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Theodore Roosevelt, President
For TR, the nation s highest office was never a burden; he loved the job, and Americans loved him for loving it
June/july 1981 | Volume 32, Issue 4
Pride, both in himself and his office, was particularly noticeable in TR’s second term, the so-called imperial years, when Henry James complained, “Theodore Rex is distinctly tending—or trying to make a court.” But this accusation was not true. Although the Roosevelts entertained much more elaborately than any of their predecessors, they confined their pomp and protocol to occasions of state. At times, indeed, they were remarkable for the all-American variety of their guests. On any given day one might find a Rough Rider, a poet, a British viscount, a wolf hunter, and a Roman Catholic cardinal at the White House table, each being treated with the gentlemanly naturalness which was one of TR’s most endearing traits. His pride manifested itself in things like his refusal to address foreign monarchs as “Your Majesty,” in his offer to mediate the Russo-Japanese War (no American President had yet had such global presumptions), and, when he won the Nobel Peace Prize for successfully bringing the war to a conclusion, in refusing to keep a penny of the forty-thousand-dollar prize money. This was by no means an easy decision, because TR could have used the funds: he spent all his presidential salary on official functions and was not himself a wealthy man. He confessed he was tempted to put the Nobel money into a trust for his children, but decided it belonged to the United States.
Pride and patriotism were inseparable in Theodore Roosevelt’s character; indeed, if we accept Lord Morely’s axiom that he “was” America, they may be considered as complementary characteristics. And neither of them was false. Just as he was always willing to lose a political battle in order to win a political war, so in diplomatic negotiations was he sedulous to allow his opponents the chance to save face—take all the glory of settlement if need be—as long as the essential victory was his.
As I have noted earlier, TR’s militarism did not loom large during his Presidency. The organizational structure of the U.S. Army was revamped in such a way as to strengthen the powers of the Commander in Chief, but Secretary of War Elihu Root takes credit for that. TR can certainly take the credit for expanding the American Navy from fifth to second place in the world during his seven and a half years of power—an amazing achievement, but quite in keeping with his policy, inherited from Washington, that “to be prepared for war is the most effectual means to promote peace.” The gunboat TR sent to Panama in 1903 was the only example of him shaking a naked mailed fist in the face of a weaker power; for the rest of the time he kept that fist sheathed in a velvet glove. The metaphor of velvet on iron, incidentally, was TR’s own; it makes a refreshing change from the Big Stick.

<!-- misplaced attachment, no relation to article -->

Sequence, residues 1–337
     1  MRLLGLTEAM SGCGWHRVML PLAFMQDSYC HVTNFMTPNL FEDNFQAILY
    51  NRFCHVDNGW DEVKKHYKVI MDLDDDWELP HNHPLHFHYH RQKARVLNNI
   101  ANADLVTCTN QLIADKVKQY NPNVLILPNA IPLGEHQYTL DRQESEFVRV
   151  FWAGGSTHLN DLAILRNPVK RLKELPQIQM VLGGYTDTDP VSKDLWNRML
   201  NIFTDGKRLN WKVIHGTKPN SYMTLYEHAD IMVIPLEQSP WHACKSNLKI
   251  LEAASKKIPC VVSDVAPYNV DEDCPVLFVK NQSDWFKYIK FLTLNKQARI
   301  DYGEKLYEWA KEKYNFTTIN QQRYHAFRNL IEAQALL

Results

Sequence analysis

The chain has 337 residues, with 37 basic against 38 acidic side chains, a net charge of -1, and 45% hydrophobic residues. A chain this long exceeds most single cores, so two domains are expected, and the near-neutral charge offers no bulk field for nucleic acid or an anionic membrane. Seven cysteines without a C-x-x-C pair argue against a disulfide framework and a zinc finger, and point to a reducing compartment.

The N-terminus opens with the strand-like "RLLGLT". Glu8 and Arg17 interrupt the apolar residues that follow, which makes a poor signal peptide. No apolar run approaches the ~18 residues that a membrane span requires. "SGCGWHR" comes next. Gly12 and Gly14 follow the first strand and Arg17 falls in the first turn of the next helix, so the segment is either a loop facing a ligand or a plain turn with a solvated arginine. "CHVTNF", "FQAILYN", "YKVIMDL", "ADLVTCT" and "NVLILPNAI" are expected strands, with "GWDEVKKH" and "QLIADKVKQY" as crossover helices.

If I may be permitted a final metaphor of my own, I would like to quote one from The Rise of Theodore Roosevelt in an attempt to explain why, on the whole, TR’s character shows to better advantage as President than in his years out of power. “The man’s personality was cyclonic, in that he tended to become unstable in times of low pressure. The slightest rise in the barometer outside, and his turbulence smoothed into a whir of coordinated activity, while a core of stillness developed within. Under maximum pressure Roosevelt was sunny, calm, and unnaturally clear.” This explains why the first Roosevelt era was a period of fair weather. Power became Theodore Roosevelt, and absolute power became him best of all. He loved being President and was so good at his job that the American people loved him for loving it. TR genuinely dreaded having to leave the White House, and let us remember that a third term was his for the asking in 1908. But his knowledge that power corrupts even the man who most deserves it, his reverence for the Washingtonian principle that power must punctually revert to those whose gift it is, persuaded him to make this supreme sacrifice in his prime. The time would come, not many years hence, when fatal insolence tempted him to renege on his decision. That is another story. But the self-denial that he exercised in 1908 gives us one more reason to admire Old Fifty-seven Varieties.